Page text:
Door County Art Scene: Ed Fenendael Featured in New York

“Following the Sun” by Ed Fenendael.

Artist Edward Hopper is recognized as America’s foremost artist of the inter-war period, his paintings a reflection of solitude and introspection. A comparison to Hopper’s works is justifiably the highest compliment an artist could hope to achieve. It is, therefore, a great compliment for Door County artist Ed Fenendael to have earned such praise. And like Hopper, Fenendael is being lauded for his artistic merit.

One of peninsula’s premier artists, Fenendael’s beautiful landscapes and florals – painted in the mediums of watercolor, pastel, oil, and ink – are headed to Brooklyn Heights, New York for a new “one-man” gallery exhibit. Opening on December 4, the exhibit will be hosted by the Callahan Center for the Arts.

That’s a long way from home for the Wisconsin native who grew up on a farm in rural Pound on the other side of Green Bay. Even as a boy, however, Fenendael recalled, “I loved the scent of a new box of crayons or a freshly sharpened pencil.” Today, the artist who honed his craft over more than 30 years is delighted his paintings draw comparisons to the artist who achieved greatness in the mid-1900s.

“A visitor to one of my exhibits once said of my work ‘it has the stillness of Edward Hopper.’ That couldn’t have made me happier,” Fenendael smiled.

Fenendael’s upcoming New York exhibit completes his “triple crown.” In the past year the artist, who is represented at the Watergate Gallery in Washington, D.C., has also been exhibited in Giverny, France. The site of Monet’s home and gardens, the setting could not be more appropriate for an artist whose watercolor paintings are alive with spontaneity.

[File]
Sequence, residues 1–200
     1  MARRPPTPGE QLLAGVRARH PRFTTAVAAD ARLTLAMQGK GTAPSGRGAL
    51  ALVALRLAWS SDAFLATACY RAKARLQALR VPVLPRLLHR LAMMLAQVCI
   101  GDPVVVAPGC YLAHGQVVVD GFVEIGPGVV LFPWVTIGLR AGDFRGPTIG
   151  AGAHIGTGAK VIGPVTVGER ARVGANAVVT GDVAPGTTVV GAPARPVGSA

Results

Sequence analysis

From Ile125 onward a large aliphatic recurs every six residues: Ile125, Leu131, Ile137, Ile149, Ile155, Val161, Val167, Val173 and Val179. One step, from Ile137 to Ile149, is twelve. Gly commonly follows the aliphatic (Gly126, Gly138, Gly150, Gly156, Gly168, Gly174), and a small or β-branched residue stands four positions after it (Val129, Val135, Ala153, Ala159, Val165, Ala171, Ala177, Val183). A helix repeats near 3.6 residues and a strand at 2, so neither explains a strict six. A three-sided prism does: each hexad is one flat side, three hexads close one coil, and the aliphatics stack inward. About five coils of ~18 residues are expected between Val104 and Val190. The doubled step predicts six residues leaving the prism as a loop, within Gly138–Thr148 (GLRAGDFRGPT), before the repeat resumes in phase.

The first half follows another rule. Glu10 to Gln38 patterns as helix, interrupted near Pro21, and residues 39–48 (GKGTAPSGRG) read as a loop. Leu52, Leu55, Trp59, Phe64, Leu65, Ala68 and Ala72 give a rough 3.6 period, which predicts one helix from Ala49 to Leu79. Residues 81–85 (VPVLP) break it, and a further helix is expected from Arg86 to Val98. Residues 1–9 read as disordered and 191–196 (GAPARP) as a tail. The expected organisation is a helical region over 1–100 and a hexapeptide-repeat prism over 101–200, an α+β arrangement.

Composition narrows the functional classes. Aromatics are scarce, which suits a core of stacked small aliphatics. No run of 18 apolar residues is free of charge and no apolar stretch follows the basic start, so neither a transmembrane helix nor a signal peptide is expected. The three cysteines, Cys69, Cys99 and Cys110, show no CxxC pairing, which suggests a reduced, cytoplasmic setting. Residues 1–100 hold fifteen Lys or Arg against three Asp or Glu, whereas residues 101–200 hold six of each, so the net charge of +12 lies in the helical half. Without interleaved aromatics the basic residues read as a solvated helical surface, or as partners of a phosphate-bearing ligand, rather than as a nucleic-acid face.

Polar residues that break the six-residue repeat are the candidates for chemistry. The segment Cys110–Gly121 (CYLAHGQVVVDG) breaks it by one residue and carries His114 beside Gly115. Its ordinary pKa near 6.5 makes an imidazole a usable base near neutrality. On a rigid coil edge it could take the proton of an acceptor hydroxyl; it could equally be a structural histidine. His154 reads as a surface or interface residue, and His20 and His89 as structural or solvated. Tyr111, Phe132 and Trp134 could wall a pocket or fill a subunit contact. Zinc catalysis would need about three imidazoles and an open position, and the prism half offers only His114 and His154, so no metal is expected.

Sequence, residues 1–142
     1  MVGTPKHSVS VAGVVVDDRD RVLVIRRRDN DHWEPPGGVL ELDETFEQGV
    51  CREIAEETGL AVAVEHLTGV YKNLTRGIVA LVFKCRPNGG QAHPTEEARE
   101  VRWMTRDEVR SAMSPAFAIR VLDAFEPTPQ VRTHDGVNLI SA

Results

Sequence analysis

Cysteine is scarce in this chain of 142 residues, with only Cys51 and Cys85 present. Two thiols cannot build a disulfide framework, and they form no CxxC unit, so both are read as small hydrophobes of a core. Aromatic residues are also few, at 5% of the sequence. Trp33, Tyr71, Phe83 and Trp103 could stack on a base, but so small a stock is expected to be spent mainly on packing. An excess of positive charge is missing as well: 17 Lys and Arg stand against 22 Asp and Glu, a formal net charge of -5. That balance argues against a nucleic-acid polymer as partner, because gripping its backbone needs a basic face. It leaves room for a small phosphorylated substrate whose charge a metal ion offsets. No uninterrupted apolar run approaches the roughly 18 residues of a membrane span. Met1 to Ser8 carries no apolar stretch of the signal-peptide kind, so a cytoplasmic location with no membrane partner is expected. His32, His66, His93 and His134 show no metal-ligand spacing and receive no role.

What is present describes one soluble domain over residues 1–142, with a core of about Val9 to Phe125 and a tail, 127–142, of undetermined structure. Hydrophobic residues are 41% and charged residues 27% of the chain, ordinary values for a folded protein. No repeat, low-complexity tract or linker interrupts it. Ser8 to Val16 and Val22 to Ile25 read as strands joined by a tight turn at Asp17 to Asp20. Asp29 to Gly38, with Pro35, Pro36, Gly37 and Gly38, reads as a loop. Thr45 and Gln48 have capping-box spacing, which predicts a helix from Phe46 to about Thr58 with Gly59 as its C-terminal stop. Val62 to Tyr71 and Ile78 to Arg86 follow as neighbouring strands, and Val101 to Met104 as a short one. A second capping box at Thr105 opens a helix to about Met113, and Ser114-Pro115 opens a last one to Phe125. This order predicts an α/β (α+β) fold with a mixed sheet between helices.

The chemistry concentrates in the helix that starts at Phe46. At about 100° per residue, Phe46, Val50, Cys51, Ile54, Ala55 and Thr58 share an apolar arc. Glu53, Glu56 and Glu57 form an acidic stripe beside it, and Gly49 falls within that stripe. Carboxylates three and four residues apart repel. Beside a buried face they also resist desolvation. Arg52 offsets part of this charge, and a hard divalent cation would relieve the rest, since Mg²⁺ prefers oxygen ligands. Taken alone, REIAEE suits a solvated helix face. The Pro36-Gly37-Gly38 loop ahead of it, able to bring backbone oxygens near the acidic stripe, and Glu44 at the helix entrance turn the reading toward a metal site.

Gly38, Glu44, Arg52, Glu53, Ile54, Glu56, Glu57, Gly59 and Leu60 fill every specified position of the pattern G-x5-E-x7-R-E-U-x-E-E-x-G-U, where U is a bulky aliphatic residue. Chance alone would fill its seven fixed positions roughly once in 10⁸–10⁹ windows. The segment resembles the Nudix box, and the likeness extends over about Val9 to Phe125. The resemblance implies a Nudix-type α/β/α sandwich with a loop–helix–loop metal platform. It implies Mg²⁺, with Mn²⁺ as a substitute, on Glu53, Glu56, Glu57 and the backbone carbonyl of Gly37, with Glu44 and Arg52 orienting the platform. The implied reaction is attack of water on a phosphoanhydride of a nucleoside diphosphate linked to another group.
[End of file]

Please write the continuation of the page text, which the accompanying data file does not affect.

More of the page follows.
“To exhibit in France – and most especially in Monet’s village – is a dream come true,” said Fenendael. “I never thought this would actually happen.”

A second “crown” was presented to Fenendael earlier this fall when the Door County Art League named him 2008 Master Artist. Awarded annually, the Master Artist award recognizes an outstanding Door County artist.

“I was overwhelmed to be chosen; to be selected from so many wonderful artists in the region,” Fenendael said.

In Door County, Fenendael exhibits his artwork at Ephraim Clayworks, The Bridge in Egg Harbor, and his own Morning Mist Studio in Baileys Harbor. His paintings are also exhibited in corporate and private collections worldwide, and in the Miller Art Museum’s permanent collection.

A world traveler and observer of his environment, Fenendael is never at a loss for inspiration. Pastoral scenery and rural landscapes tempt and tease him to take brush in hand. The Baileys Harbor resident encourages the emerging artist to “paint what you know, what is close to your heart.”

A graduate of Marquette University, Fenendael regularly teaches and conducts workshops in locales both abroad and in the United States. Internationally, he has instructed students in Italy and France. Nationally, Fenendael has held workshops in Florida, California, and Kansas City. And locally, he teaches classes at Morning Mist Studio at Windmill Farm in Egg Harbor and the Peninsula School of Art in Fish Creek.

The renowned artist and teacher Robert Henri encouraged his student Edward Hopper to “make a stir in the world.” The emerging artist who lived from 1882 – 1967 is quoted as saying of his craft, “The man’s the work. Something doesn’t come out of nothing.”

With the premiere of his work in New York, Fenendael is making his own stir in the art world. He is worthy of sharing Hopper’s sentiment, an embodiment of the world he views with an artistic eye and readily shares with the viewer.

The Callahan Center for the Arts is located at 180 Remsen Street, Brooklyn Heights. An opening reception for Ed Fenendael’s exhibit will be held on Thursday, December 4, from 5 – 7:30 pm.

For additional information about Ed Fenendael and his artwork visit